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Six steps to achieving consistent induction seals in caps

Consumer product packaging managers frequently complain that their sealing process on induction seals in caps is not consistent. That can lead to waste or unhappy customers. Here are some simple steps that may resolve your problems: 1. Air gap: Make sure the air gap, the space between the top of the cap and the bottom of the sealing head, is set as required. 2. Torque: Torque all caps to the required level. Too much torque can be as troublesome as too little torque. 3. Sealing head alignment to conveyor: The sealing head must be parallel to the conveyor. The distance from the top of the conveyor belt to the bottom of the sealing head must be the same from one end to the other. So unless your conveyor is level, don't assume that the sealing head is level. 4. Bottle travel alignment to sealing head: Ensure that the path the containers travel is along the centerline of the sealing head. Only when the containers are guided along the centerline of the conveyor should the centerline of the sealing head run exactly above the centerline of the conveyor. 5. Line speed: Ensure that line speed is set at the required level and does not deviate significantly during a production run. 6. Power level: Set the sealing unit's power at the required level.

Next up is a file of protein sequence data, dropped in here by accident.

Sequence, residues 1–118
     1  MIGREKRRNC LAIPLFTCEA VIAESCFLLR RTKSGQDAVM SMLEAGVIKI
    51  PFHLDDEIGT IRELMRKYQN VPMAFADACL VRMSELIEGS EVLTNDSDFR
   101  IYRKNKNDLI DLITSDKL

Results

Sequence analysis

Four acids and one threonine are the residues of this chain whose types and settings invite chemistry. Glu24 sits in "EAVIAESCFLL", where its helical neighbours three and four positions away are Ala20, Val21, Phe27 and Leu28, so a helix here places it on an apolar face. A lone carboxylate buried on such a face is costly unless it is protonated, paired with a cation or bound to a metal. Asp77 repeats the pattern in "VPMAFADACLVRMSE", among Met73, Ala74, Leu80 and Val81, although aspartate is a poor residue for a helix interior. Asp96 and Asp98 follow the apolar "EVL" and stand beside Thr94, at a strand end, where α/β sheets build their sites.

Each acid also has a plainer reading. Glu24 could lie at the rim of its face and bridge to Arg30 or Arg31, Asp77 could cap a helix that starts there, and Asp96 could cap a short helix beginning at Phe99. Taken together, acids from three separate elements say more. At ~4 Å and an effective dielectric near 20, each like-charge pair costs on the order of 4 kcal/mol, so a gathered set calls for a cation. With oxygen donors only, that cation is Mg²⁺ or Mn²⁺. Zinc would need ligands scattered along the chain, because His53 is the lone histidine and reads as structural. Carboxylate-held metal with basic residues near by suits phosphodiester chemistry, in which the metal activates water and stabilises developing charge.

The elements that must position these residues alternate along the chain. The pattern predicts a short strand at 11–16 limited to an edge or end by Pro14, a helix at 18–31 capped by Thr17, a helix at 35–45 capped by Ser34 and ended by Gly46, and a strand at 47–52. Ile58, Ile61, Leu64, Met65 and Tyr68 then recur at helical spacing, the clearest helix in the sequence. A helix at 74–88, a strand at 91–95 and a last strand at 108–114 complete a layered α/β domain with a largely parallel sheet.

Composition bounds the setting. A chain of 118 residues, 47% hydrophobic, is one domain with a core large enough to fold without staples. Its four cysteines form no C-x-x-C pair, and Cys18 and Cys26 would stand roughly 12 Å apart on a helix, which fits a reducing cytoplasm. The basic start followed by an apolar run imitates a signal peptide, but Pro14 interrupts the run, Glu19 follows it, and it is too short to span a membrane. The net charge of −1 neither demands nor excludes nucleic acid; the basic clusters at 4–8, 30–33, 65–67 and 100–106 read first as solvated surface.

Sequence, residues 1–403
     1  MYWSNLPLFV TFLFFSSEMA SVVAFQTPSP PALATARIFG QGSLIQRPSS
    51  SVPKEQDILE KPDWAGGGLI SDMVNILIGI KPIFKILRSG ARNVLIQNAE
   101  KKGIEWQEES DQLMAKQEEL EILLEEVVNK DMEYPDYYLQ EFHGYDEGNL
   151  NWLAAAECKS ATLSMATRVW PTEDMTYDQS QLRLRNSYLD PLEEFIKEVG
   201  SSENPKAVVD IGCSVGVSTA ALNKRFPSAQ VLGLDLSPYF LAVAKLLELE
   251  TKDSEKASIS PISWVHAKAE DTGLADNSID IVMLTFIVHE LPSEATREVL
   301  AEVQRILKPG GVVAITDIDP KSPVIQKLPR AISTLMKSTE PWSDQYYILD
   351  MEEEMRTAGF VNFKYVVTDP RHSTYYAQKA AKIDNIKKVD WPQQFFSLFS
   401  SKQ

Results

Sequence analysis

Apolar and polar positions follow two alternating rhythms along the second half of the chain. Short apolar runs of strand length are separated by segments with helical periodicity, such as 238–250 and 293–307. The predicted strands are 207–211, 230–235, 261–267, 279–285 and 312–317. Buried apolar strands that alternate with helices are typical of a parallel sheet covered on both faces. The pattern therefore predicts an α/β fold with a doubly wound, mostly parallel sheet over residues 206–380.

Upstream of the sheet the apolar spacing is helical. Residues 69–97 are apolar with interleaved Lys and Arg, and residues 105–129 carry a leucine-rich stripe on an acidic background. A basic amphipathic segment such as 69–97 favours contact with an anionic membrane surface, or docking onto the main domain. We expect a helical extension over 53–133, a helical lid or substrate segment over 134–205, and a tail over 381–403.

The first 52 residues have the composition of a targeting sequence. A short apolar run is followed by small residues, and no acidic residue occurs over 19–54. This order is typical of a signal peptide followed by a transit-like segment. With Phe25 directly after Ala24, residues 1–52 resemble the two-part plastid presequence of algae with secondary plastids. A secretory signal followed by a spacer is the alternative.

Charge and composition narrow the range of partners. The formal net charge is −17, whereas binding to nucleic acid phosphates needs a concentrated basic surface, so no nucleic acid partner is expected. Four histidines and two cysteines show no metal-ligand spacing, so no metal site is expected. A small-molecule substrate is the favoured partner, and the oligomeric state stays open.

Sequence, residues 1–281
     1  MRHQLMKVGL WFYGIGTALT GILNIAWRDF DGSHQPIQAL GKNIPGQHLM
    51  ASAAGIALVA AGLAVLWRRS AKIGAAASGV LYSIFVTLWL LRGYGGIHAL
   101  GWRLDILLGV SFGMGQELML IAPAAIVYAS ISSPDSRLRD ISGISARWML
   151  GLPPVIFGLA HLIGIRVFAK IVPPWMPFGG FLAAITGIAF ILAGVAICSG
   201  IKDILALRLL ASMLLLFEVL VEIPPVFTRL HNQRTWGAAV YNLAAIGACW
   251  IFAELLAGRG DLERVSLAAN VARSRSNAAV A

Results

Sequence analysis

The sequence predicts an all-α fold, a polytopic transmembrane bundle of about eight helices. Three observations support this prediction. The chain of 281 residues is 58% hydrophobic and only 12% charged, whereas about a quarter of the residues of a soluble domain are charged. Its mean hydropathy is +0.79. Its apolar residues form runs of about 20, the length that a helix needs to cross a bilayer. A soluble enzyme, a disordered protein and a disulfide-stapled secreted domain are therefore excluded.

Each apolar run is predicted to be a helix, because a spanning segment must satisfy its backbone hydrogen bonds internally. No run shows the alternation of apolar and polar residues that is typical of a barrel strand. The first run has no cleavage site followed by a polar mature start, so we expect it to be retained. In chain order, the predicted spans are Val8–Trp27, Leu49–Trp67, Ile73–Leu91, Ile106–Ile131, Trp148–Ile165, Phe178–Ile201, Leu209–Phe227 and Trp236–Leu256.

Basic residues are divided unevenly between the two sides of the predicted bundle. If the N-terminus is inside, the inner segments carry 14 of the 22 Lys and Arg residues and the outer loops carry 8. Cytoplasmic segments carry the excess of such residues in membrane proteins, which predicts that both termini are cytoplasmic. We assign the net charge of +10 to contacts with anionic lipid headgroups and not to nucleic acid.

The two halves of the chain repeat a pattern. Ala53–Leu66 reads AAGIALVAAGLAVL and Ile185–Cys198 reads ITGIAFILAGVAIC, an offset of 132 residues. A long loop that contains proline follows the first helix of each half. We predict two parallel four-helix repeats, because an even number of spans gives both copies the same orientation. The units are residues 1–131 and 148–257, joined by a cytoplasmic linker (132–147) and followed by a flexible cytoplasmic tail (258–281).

All of these measures ensure that the power density introduced into each cap is the same for all caps in a production run. Under these conditions, if one container is sealed, all the containers will be sealed. That's how to achieve consistent sealing. If the various set levels from a successful run are recorded and duplicated for the next product run, you achieve successful runs every time.

--By August Ray

August J. Ray earned a B.S. degree from the University of Wisconsin-Milwaukee. He's held a variety of positions in technical writing and marketing with Delco Electronics-GMC, Louis Allis, and Enercon Industries. After retiring from Enercon, Ray provided marketing and publicity services to several companies in the U.S. and Canada.
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